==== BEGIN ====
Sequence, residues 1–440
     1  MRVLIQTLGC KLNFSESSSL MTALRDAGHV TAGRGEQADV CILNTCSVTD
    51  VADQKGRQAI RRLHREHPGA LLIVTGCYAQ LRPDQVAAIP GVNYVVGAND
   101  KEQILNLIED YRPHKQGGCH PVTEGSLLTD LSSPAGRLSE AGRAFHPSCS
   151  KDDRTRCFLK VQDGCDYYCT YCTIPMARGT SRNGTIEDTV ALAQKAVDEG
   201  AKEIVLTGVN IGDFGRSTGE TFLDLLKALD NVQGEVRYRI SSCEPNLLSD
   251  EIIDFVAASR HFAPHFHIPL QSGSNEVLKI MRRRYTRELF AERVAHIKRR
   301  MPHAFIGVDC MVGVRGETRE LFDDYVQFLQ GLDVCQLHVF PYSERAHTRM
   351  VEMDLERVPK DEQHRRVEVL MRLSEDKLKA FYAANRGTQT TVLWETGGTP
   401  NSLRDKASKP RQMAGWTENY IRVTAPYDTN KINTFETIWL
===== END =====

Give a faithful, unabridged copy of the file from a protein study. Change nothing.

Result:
Sequence, residues 1–440
     1  MRVLIQTLGC KLNFSESSSL MTALRDAGHV TAGRGEQADV CILNTCSVTD
    51  VADQKGRQAI RRLHREHPGA LLIVTGCYAQ LRPDQVAAIP GVNYVVGAND
   101  KEQILNLIED YRPHKQGGCH PVTEGSLLTD LSSPAGRLSE AGRAFHPSCS
   151  KDDRTRCFLK VQDGCDYYCT YCTIPMARGT SRNGTIEDTV ALAQKAVDEG
   201  AKEIVLTGVN IGDFGRSTGE TFLDLLKALD NVQGEVRYRI SSCEPNLLSD
   251  EIIDFVAASR HFAPHFHIPL QSGSNEVLKI MRRRYTRELF AERVAHIKRR
   301  MPHAFIGVDC MVGVRGETRE LFDDYVQFLQ GLDVCQLHVF PYSERAHTRM
   351  VEMDLERVPK DEQHRRVEVL MRLSEDKLKA FYAANRGTQT TVLWETGGTP
   401  NSLRDKASKP RQMAGWTENY IRVTAPYDTN KINTFETIWL